First, the bad news: those of us at the Los Angeles Motor Show expecting game-changing new-car launches were a bit disappointed. Between the heavyweight atmosphere of Frankfurt (the world's largest car show) before it, and the expectation of the Tokyo event to follow, there was a sense that many carmakers were simply treading water between the two.
So the glamour was lacking. The good news is that there were still several important debuts to grab the attention of a Kiwi visitor. Without further ado, in the order they were unveiled ...
The convertible version of the searing XKR-S was welcomed by literally dozens of handclaps. Whether the dour response was down to familiarity or the model's rather gauche body addenda is anyone's guess, but the stats are still impressive: 410kW and a 0-96km/h sprint of 4.2sec.
The crowd were much more enthusiastic about the reappearance of the C-X16 "production concept". The acclaimed compact sports coupe was wheeled out in a new white exterior paint finish.
The new 911 was the star of the stand, but Porsche also launched a track-focused version of the Panamera luxury five-door. The Panamera GTS sports a 4.8-litre V8 uprated to 316kW, a faster-shifting PDK gearbox, 10mm-lower suspension and a four-wheel drive system with more bias towards the rear. Go fast, relax.
This is a bit more like it: highly relevant, hugely appealing. Ford New Zealand might have just launched the previous-generation Kuga crossover, but the next one was unveiled at Los Angeles. Based on the current-generation Focus platform, it's a global model that picks up the brand's latest styling cues and key technologies, such as the high-tech MyFord infotainment system. The core engines are EcoBoost four-cylinder petrol-turbo units, although diesels will surely follow.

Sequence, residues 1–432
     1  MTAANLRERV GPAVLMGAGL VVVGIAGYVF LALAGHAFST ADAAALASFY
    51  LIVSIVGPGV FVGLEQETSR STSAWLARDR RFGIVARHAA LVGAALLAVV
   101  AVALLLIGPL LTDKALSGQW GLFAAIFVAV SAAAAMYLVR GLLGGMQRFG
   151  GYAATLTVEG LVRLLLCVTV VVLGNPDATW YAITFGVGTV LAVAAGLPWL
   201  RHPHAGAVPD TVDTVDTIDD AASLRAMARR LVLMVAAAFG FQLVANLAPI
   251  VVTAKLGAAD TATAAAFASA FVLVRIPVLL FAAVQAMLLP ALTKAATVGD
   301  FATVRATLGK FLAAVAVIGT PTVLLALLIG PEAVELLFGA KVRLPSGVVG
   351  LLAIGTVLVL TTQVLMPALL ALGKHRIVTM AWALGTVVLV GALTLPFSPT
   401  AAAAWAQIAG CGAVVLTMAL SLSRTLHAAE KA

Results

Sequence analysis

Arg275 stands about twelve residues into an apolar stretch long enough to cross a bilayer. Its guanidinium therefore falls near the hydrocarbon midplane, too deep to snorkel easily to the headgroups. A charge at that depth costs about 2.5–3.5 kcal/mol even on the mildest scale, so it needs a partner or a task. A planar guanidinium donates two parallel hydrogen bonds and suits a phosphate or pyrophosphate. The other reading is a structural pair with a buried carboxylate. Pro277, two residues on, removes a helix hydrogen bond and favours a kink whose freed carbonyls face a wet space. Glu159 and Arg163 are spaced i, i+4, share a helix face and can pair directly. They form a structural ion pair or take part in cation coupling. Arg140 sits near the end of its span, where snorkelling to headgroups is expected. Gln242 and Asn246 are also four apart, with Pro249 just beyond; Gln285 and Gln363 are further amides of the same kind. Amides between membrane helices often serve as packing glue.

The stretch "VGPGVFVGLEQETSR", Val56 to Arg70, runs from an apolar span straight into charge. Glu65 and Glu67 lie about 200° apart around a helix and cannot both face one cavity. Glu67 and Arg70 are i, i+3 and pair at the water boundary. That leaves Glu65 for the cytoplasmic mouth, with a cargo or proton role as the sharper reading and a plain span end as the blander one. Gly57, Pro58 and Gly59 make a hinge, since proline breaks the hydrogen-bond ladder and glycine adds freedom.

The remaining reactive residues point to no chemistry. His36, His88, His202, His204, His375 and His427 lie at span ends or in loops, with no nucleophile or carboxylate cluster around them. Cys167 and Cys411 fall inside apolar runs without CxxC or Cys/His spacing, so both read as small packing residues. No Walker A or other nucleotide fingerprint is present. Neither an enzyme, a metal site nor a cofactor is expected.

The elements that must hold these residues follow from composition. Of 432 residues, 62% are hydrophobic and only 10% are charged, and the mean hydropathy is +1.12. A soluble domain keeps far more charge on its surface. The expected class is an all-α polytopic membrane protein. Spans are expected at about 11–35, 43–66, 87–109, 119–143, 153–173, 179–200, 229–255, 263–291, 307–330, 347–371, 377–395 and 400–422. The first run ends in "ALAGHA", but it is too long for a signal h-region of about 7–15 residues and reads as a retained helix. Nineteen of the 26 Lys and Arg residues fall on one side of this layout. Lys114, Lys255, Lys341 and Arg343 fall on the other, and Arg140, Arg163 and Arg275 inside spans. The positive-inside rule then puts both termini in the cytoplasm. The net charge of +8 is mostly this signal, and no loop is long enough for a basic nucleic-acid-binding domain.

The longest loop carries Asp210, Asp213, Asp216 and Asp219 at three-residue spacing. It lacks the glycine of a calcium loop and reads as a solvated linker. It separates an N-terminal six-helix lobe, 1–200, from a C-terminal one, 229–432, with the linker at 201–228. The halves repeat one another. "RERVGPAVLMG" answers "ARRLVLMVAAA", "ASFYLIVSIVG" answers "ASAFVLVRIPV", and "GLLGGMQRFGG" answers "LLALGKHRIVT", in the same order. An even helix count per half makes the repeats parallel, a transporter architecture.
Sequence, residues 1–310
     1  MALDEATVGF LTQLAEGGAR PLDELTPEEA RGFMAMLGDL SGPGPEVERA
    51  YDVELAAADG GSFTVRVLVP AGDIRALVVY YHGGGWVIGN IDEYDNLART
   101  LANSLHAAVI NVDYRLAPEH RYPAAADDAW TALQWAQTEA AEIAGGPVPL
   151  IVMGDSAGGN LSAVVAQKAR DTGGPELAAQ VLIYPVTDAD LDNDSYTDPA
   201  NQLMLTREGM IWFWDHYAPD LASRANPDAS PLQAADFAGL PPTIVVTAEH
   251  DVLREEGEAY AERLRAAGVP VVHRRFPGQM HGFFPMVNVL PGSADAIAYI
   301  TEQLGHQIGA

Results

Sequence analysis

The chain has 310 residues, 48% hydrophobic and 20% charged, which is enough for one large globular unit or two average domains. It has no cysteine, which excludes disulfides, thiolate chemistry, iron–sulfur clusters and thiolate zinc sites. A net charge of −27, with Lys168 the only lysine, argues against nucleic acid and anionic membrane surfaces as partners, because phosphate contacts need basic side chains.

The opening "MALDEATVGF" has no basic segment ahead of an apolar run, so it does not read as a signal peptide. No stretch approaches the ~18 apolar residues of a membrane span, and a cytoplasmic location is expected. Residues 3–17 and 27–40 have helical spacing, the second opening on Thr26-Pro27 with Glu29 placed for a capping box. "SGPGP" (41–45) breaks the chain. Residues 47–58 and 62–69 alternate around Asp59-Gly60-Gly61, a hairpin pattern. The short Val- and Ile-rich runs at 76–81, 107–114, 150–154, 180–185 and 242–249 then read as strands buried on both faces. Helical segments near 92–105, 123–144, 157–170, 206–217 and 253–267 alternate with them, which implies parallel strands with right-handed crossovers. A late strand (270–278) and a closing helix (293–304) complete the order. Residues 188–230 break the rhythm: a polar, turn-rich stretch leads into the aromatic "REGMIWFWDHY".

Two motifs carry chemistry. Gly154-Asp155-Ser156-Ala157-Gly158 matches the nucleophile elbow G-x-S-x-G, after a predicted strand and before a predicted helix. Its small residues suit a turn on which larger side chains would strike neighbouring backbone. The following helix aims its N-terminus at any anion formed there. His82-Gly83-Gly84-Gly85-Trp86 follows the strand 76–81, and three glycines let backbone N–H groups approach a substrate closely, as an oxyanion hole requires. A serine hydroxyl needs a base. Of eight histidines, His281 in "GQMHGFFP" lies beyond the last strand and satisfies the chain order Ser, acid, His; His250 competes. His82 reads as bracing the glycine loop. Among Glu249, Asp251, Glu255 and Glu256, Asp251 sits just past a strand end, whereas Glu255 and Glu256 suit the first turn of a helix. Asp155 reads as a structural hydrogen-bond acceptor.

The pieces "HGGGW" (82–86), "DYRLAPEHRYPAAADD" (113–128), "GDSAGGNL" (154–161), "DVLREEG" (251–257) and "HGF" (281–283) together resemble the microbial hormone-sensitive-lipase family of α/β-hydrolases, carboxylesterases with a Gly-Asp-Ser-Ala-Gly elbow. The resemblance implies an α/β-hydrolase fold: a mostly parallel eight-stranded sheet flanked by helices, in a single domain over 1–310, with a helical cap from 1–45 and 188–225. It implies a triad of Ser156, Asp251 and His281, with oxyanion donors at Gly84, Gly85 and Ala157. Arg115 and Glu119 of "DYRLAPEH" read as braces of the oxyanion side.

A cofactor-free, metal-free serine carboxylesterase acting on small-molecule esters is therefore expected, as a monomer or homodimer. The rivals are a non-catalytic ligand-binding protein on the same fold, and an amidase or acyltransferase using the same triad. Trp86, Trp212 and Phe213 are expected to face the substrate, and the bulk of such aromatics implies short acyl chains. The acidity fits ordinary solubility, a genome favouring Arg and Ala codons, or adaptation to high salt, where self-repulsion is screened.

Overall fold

The new model is yet to be confirmed for Australasia, but let's face it: with crossover business booming, it's a no-brainer for New Zealand.
While the Kuga name is likely to continue for Europe, expect the old Escape badge to be revived for New Zealand. It will be a while coming, though: perhaps not until 2013.
Not so fast, Ford. Immediately following Ford's Escape, Honda pulled the wraps off an all-new fourth-generation CR-V. No dramatic changes in the concept and configuration: power still comes from a 2.4-litre four with a five-speed automatic gearbox. Contrary to some rumours, the vehicle has not moved to a seven-seat layout; it remains a five-seater. However, Honda claims the new model is better-equipped and more practical, with an even lower cabin floor (always a CR-V strength) and new design of fold-flat 60/40 split-folding rear seat. Expect to see it in New Zealand early 2012.
After showing off the innards of its upcoming BRZ sports coupe at Frankfurt, Subaru pulled out a fully clothed "Concept STI" version for LA.
The rear-drive two-door - a joint venture with Toyota - features body addenda by the Japanese maker's performance division, including a bespoke front spoiler and large rear wing. The centre of gravity is lowered by way of a carbon-fibre roof panel.
The standard production BRZ will be launched at the Tokyo Motor Show this month. Will the car make it to New Zealand? Possibly not, as it's a niche effort and the rear-drive layout doesn't fit with Subaru New Zealand's all-wheel-drive ethos.
The Toyota version will, although that car wasn't shown in LA as it won't be sold in America. Instead, Toyota displayed a restyled version of the car under its youth-oriented Scion brand.
Mercedes-Benz didn't even bother to have a press conference - unheard of for a major brand at a major motor show. But it did have a new car: the thunderous AMG version of the new ML-class crossover.
Billed as a showcase of "efficiency and performance", the ML 63 AMG boasts a 5.5-litre V8 bi-turbo engine that makes 386kW/700Nm, yet returns 11.8 litres per 100km in the Combined cycle.
The optional AMG performance package boosts output to 410kW/760Nm. A newly developed Active Curve System stabilises the car and reduces body roll.